When fishing from a gravel bar its possible to hook and land a several fish
in a row. These spots often provide good mayfly action. Whenever you see
an obstruction like a root system of a fallen tree in the river drift your
fly close to it as those are good fish lies and often provide large fish.
typical Snake River Cuthroat Trout
Trout season on the Snake opens on April 1 and extends through October 31. Runoff typically starts around early to mid-May and can last well into July and even August in high snowpack years. That allows about a month and a half of fishing prior to spring runoff. Early season fishing can be very good, but is not as consistent and productive as the fishing after spring runoff. Streamers are good choice this time of year. September is considered the best month for fishing the Snake but often times the good fishing will begin in August and last till the season ends in October.
You will find sporadic hatches of stoneflies from April through September, midges all year round. Summer brings hatches of evening caddis and mayflies usually around midday.
Once the river begins to clear in late July or early August, dry fly season begins in earnest. Wulffs, Stimulators, Humpys, Trudes, Royal Coachmans, Power Ants, Jay-Dave's Hopper and Turck Tarantulas are standard fare. Good streamers to use are JJ Specials, Woolly Buggers, Muddlers, Zonkers, Double Bunnies and Kiwi Muddlers. For nymphs, Hare's Ear, Pheasant Tails, Anderson's Golden Stone's, Halfbacks, Yuk Bugs, and Prince's Nymphs.
River Boat Trips • (Jackson Hole) When you head down the Snake River with
Mad River, you're traveling with more than 100 years of river guide
experience. Guides are knowledgeable in local lore, Wyoming's rugged
and beautiful waters, and advanced rafting safety. You'll find our
entire crew prides themselves in providing the very best, most exciting
trip you can take in the Jackson area. Come, grab
a paddle and take a trip with Mad River. We guarantee it will be one
you remember for a long time.
Jackson Hole Whitewater • (Jackson Hole) Voted The #1rafting company in Jackson
Hole by our local newspaper the "Jackson Hole Guide." That says
it all. We have been in business for 35 years and were the first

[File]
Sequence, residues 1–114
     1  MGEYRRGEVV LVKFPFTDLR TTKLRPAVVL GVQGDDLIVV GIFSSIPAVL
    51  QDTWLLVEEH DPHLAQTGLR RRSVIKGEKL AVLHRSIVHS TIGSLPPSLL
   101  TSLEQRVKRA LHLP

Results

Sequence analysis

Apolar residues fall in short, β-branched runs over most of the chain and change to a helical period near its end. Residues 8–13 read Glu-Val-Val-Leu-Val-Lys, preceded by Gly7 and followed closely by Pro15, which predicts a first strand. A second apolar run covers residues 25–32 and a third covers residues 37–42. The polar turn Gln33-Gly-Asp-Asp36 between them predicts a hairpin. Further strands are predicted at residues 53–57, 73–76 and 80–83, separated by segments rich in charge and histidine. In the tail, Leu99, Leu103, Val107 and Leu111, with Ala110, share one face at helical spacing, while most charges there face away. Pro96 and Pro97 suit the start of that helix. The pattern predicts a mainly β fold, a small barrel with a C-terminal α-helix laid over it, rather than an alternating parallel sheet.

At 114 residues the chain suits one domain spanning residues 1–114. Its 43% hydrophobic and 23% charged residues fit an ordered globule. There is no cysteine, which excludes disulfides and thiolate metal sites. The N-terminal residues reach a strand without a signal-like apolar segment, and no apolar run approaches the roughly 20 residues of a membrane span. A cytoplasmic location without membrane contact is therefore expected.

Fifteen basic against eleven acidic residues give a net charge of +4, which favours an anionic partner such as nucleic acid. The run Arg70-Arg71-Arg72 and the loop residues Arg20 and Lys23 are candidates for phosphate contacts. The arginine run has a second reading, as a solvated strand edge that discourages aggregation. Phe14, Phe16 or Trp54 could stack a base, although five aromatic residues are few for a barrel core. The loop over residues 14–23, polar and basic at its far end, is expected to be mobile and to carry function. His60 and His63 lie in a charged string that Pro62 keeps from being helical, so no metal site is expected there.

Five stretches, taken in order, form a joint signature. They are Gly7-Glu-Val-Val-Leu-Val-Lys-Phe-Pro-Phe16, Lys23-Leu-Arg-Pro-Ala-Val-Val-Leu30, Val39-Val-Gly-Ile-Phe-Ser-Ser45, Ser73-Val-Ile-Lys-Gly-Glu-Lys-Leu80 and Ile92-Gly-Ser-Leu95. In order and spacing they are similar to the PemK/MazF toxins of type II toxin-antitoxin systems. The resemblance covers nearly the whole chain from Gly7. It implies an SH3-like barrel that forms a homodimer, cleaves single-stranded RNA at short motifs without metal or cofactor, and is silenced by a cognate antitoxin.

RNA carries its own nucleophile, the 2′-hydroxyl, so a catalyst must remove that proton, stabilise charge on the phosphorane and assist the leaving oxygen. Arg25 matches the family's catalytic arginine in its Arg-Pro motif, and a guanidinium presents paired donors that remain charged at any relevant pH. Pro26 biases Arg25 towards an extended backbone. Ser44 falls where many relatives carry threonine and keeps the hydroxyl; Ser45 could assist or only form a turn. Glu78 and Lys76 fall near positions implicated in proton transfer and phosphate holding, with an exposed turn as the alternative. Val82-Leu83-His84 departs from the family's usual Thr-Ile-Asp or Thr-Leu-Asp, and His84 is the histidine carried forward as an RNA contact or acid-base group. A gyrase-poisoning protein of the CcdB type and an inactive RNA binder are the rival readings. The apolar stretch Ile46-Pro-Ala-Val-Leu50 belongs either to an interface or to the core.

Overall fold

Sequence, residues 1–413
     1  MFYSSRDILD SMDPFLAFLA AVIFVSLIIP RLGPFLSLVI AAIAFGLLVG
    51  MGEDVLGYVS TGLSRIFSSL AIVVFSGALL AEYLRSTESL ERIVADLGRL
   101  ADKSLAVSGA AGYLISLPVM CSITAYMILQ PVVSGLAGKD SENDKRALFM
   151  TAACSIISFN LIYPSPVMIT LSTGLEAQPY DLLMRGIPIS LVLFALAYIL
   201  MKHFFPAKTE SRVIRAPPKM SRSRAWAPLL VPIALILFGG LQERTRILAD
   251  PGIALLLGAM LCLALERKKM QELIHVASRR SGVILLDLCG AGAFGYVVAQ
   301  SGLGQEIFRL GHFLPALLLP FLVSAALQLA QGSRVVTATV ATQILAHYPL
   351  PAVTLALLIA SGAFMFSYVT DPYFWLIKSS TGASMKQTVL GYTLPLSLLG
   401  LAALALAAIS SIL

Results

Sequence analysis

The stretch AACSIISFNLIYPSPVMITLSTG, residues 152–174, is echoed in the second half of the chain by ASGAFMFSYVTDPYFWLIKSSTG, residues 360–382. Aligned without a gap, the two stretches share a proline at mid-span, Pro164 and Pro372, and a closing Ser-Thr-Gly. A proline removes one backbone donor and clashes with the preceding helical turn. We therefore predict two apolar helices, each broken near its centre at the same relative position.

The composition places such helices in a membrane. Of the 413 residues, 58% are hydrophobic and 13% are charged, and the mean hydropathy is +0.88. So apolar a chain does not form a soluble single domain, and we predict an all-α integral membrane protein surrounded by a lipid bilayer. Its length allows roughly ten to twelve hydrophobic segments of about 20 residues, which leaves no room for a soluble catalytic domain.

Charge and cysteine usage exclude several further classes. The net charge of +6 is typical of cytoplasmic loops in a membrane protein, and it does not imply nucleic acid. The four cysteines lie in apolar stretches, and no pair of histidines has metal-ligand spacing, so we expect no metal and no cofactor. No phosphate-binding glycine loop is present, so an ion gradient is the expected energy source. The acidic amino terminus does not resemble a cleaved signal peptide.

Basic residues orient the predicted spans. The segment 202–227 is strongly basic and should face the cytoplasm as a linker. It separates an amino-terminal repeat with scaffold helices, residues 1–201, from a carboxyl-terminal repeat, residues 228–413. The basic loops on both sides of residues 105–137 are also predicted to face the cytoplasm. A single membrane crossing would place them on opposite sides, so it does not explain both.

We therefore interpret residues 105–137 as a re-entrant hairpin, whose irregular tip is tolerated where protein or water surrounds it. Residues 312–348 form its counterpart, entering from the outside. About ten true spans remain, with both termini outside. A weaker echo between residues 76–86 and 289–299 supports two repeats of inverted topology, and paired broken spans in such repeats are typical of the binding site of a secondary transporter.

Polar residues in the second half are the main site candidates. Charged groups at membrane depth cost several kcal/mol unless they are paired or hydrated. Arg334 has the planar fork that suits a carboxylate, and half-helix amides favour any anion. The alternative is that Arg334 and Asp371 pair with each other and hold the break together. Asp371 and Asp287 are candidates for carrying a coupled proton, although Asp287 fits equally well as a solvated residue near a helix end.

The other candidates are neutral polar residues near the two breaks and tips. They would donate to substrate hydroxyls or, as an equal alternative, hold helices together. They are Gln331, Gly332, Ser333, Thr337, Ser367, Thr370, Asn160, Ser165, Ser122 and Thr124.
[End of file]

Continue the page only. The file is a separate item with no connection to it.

company to have permits on the Snake River. We are a small company
by choice. We have had the chance to expand but feel that "small
is better"! Visit our website to find out why...
Deal Anglers • Reel
Deal Anglers is Jackson Hole’s Premier
fishing guide service, don’t wait in a
fly-fishing shop (we provide all the flies),
we pick you up and take you right to the river.
We guide on the Snake River, Green River, Henry’s
Fork River, South Fork River, Madison River,
New Fork River, Salt River, Gros Ventre River
and the Teton River as well as numerous backcountry
streams, popular spring creeks, and exclusive
private water opportunities, so we can put you
on the hottest water available at any given time.
Our guides are superb and are experts on the
water they specialize in. With Reel Deal Anglers,
you’ll float and wade fish on beautiful
rivers, encounter surprised wildlife, catch native
trout while entertaining chance encounters with
elk, moose, bison osprey and bald eagles fishing
the same waters as you.
Jackson Hole Outdoors • Don Wackerman offers anglers the fishing adventure of a lifetime with half-day and full-day float trips on one of North America's top trout streams, the legendary Snake River in the shadow of the breathtaking Grand Teton mountain range.
Teton Valley Lodge • (Teton Valley ID) Matt and Brian Berry's families have ownership of the lodge. Once you visit Teton Valley Lodge you are part of our family. That is not a statement, this is how we really feel. You are the most important part of what Teton Valley Lodge is all about. We want you to love fly fishing as much as we do and as much as all those that came before us. Idaho fly fishing guiding is what we do. It's really what we've always done. The heart of Teton Valley Lodge has always been its guides. We learned how to guide from a very young age from our father. Many of our guides have been fishing for decades and some have been guiding for decades. Our goal is simple, catch as many fish as possible. We have the guides to make that goal a reality. Our home is on the Teton River but we also guide on the South Fork of the Snake River and and on the Henrys Fork.
Deal Anglers • (Jackson Hole Wyoming) Reel Deal Anglers is Jackson
Premier fishing guide service, don’t wait in a fly-fishing shop (we
provide all the flies), we pick you up and take you right to the river.
on the Snake River, Green
River, Henry’s Fork River, South Fork River, Madison River, New Fork
River, Salt River, Gros Ventre River and the Teton River as well as numerous
backcountry streams, popular spring creeks, and exclusive private water
opportunities, so we can put you on the hottest water available at any